I spend much of the growing season putting fresh herbs in and on everything, from last week’s Dill-Infused Yogurt Sauce or Dressing to the Rhubarb-Rosemary Sorbet recipe I shared last summer. But as soon as plants become big enough for a large cutting, I start drying homegrown herbs to use the rest of the year.
Last Christmas, I gifted my parents a collection of homemade spice and herb mixes, along with simple recipes for using them. One of the gifted jars blended four of my homegrown and dried herbs that my parents now mix into salad dressing, sprinkle over roasted vegetables, season chicken breasts and use in many other recipes that call for dried herbs.
This runs counter to the way I store and use home-dried herbs in my kitchen, where each large glass jar holds whole leaves of one herb type so that I can crumble them in endless combinations into whatever I’m cooking. I do the same with whole spices and seeds, running them a tablespoon or two at a time through a coffee grinder. Just as grinding whole spices at home releases flavorful oils on the spot, crushing dried herbs as you use them maximizes their taste and aroma in each of your dishes.
Homemade herb blends can taste as bright even as they simplify meals. Drying herbs from your garden or a farmer’s market captures their freshness. Storing the blend in a large enough jar that the leaves stay nearly whole locks in that flavor until you want to release it.
I find most herbs easier to strip from their stems after they’ve been dried, and my dehydrator trays easily hold 6-inch-long sprigs. Basil can take longer to dry than many other herbs, so I remove these from the stem while fresh and space them out evenly of maximum air circulation. Large, juicy leaves, like Genovese and Napolitano varieties, can take so long to dry that I spread them on a tray at room temperature for a couple of days before turning on the dehydrator.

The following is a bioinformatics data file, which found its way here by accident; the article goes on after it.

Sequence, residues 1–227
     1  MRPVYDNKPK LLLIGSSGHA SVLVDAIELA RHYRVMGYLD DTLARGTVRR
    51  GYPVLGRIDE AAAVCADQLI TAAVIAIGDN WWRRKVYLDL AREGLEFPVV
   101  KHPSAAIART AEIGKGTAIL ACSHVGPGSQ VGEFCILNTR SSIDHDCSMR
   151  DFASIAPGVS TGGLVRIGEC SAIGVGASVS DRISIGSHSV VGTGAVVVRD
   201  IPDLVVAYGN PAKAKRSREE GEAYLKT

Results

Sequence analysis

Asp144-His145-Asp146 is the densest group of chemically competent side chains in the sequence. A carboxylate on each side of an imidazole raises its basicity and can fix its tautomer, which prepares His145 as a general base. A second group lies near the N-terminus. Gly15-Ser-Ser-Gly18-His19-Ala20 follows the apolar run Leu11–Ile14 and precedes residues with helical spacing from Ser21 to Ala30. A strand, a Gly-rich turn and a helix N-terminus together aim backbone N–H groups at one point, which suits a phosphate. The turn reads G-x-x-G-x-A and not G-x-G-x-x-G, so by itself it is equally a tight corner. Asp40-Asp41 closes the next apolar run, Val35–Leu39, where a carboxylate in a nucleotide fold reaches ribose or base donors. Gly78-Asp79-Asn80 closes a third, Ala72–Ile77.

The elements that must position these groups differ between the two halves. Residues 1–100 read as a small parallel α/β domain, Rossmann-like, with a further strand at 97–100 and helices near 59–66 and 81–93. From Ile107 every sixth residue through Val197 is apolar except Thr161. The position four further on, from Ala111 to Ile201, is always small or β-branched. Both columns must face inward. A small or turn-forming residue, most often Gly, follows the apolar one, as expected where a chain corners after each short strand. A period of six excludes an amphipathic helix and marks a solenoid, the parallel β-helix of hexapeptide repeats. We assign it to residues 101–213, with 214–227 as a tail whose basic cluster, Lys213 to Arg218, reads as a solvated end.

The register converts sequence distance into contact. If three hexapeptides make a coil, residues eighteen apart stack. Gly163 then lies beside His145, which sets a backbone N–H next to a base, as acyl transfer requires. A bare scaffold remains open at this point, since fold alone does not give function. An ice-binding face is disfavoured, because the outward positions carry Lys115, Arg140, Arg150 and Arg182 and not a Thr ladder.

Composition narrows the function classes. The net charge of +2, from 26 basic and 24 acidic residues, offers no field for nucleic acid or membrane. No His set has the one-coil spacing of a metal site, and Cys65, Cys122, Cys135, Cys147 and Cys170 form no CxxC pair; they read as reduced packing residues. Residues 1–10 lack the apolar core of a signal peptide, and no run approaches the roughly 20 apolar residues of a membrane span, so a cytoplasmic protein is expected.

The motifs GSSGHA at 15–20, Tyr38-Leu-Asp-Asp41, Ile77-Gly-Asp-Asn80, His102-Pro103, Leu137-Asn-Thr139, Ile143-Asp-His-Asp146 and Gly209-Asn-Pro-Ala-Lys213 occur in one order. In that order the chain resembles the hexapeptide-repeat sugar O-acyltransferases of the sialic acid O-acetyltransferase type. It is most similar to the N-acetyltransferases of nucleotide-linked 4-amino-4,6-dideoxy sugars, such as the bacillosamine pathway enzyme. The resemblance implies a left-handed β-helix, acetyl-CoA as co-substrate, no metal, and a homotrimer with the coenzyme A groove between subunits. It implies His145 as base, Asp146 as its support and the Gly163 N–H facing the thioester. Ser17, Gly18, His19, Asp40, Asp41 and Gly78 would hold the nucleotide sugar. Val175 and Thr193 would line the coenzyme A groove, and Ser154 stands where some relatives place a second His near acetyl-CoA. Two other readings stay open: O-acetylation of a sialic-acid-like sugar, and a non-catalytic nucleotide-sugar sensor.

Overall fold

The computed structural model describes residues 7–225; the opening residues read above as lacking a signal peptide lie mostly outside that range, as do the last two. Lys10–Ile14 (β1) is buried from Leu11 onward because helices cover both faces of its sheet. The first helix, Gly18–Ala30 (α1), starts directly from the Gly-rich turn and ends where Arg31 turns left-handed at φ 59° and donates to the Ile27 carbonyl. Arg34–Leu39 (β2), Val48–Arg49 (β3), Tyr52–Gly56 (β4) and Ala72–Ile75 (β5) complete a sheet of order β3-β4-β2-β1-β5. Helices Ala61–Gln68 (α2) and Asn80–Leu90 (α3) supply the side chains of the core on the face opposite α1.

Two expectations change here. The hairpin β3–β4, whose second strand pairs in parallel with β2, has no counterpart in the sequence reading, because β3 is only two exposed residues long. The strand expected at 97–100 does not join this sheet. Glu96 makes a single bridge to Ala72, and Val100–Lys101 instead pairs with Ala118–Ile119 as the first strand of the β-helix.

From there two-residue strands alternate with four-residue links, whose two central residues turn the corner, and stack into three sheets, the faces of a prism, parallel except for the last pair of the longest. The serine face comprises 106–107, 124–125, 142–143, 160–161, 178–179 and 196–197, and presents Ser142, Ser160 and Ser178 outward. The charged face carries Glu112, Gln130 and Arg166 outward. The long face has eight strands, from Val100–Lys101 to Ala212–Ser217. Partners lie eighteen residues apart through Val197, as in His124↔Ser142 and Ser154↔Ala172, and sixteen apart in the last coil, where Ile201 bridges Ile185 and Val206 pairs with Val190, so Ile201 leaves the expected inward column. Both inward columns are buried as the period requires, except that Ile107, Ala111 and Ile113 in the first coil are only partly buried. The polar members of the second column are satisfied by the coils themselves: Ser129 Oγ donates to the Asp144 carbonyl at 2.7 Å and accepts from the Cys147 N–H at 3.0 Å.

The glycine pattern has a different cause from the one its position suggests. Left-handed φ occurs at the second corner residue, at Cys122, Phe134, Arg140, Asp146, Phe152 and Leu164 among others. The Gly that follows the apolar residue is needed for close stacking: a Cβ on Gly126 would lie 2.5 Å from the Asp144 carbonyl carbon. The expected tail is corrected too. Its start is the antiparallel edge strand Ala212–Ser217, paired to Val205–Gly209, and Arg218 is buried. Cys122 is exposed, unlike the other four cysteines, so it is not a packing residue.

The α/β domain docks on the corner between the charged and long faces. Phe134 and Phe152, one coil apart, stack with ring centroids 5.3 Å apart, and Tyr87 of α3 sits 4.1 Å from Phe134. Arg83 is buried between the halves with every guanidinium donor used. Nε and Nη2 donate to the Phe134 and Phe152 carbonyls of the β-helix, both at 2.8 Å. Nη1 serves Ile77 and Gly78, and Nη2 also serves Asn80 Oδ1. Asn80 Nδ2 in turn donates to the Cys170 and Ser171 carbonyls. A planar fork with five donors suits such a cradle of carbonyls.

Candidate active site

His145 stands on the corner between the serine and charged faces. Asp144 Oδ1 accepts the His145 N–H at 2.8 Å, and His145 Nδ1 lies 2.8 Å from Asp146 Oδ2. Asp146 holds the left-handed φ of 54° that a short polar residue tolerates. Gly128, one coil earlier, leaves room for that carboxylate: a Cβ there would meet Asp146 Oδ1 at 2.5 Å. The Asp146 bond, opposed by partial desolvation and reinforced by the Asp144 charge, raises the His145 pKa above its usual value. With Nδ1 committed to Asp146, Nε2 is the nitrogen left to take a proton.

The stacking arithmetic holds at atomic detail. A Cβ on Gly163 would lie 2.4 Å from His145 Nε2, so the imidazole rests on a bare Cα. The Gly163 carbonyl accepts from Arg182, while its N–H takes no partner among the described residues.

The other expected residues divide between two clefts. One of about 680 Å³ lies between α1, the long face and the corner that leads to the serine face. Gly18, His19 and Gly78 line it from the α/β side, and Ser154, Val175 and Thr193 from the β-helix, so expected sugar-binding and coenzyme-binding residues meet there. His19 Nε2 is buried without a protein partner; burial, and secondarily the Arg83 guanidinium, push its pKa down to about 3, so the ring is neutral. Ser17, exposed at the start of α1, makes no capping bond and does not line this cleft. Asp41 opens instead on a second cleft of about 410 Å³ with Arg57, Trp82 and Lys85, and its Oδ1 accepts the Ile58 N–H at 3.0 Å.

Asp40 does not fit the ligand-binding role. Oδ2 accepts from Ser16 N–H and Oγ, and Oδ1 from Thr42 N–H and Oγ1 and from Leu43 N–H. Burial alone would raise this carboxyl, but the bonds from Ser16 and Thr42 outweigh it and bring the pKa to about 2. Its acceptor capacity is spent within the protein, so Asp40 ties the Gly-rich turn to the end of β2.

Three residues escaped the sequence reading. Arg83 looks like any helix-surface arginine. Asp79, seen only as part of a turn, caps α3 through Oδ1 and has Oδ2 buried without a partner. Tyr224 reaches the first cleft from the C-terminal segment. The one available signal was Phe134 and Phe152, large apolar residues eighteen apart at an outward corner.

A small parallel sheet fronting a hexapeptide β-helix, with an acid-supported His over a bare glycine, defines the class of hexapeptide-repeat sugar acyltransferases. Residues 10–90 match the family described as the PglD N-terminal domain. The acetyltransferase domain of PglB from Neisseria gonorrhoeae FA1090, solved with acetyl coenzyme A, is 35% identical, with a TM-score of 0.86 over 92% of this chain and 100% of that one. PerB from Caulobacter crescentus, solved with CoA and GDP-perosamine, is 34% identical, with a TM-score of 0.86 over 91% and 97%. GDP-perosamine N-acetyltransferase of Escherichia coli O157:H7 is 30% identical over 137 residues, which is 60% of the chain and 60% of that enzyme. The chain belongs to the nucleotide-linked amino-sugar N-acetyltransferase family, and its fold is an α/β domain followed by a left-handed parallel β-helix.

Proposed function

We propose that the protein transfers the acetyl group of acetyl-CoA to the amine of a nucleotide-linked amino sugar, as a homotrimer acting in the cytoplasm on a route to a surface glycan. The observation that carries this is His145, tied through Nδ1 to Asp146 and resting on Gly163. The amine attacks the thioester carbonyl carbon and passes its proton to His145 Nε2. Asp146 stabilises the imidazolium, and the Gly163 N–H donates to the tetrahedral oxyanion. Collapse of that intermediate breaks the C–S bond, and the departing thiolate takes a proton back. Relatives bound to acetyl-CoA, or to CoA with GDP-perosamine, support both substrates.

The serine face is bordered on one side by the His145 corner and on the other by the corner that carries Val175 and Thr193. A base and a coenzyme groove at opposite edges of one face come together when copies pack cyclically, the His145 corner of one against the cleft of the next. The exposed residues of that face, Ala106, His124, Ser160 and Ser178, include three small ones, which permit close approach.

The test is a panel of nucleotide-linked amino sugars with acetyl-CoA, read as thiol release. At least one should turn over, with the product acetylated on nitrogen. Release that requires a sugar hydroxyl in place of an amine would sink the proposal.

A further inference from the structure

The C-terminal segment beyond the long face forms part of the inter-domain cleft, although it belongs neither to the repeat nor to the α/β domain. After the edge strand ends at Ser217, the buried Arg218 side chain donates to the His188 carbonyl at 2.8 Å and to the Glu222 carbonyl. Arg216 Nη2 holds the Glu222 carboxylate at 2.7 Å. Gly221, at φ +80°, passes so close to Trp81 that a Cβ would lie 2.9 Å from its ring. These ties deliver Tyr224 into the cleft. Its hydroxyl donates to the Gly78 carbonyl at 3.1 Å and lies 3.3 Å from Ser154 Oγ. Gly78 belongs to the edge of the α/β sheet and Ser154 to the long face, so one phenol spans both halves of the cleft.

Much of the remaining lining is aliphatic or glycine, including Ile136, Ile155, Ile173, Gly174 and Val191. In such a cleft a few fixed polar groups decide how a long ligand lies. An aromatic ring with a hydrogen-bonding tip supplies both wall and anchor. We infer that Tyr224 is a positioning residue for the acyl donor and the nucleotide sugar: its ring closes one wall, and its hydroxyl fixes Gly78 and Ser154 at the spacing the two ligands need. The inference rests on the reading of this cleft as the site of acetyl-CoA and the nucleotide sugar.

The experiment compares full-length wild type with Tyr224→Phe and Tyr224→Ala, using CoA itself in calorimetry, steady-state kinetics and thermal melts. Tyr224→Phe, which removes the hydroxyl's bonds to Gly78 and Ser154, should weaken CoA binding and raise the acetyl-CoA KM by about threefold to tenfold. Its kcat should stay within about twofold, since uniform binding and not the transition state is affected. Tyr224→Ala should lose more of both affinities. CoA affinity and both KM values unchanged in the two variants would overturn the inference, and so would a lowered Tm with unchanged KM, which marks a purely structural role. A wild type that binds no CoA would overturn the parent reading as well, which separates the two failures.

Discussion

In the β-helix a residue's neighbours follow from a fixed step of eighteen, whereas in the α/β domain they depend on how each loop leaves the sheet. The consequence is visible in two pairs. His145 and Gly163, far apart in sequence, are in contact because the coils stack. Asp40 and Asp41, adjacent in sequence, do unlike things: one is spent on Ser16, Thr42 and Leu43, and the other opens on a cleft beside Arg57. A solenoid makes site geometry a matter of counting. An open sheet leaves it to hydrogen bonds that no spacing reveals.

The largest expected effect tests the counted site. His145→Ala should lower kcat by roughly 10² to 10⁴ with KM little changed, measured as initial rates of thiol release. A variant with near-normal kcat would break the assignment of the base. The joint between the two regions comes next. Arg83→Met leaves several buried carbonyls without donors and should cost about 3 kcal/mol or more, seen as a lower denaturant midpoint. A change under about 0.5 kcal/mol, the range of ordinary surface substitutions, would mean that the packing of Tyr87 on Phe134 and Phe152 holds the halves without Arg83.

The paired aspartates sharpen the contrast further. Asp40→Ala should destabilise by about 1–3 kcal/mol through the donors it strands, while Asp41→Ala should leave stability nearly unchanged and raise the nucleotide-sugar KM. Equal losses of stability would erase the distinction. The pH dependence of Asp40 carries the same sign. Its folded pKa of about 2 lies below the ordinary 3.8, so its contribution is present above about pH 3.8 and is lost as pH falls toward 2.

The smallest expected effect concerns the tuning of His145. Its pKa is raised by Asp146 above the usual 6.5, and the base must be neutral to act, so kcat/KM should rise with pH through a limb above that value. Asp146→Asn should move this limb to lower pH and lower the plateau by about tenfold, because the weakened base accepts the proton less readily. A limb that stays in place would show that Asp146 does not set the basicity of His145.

DIY Herb Blend
Makes about 8 tablespoons
6 sprigs fresh basil
10 sprigs fresh oregano
8 sprigs fresh parsley
6 sprigs fresh rosemary
Remove the basil leaves from their stems, letting them air-dry for a couple of days if desired. Lay basil leaves and oregano, parsley, and rosemary sprigs on screen-lined dehydrator screens or parchment paper set on dehydrator trays. Dry them at the lowest setting, about 95°F, for about 20 hours, until the leaves crumble easily crumbled and the stems are brittle.
Strip the leaves from their stems, collecting them in a large glass measuring cup. Crush them just enough that you can mix the herbs. Using a wide-mouth funnel, pour the herbs into a small jar. Store in a cool, dry place out of direct light. When using the blend, crumble large pieces as needed.
Note: If using previously dried herbs, combine 3 tablespoons basil, 3 tablespoons oregano, 2 tablespoons parsley and 1 tablespoon rosemary.
Julie Laing is a Bigfork-based cookbook author and food blogger at TwiceAsTasty.com.
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